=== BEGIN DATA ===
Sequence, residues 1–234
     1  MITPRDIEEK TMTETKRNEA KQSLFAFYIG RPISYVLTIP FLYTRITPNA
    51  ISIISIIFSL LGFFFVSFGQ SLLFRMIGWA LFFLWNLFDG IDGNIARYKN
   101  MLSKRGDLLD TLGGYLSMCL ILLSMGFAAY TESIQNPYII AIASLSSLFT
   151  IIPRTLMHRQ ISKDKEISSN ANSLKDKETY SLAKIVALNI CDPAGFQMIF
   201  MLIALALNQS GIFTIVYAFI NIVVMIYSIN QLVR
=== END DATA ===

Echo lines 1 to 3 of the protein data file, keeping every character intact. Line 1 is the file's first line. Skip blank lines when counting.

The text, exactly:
Sequence, residues 1–234
     1  MITPRDIEEK TMTETKRNEA KQSLFAFYIG RPISYVLTIP FLYTRITPNA
    51  ISIISIIFSL LGFFFVSFGQ SLLFRMIGWA LFFLWNLFDG IDGNIARYKN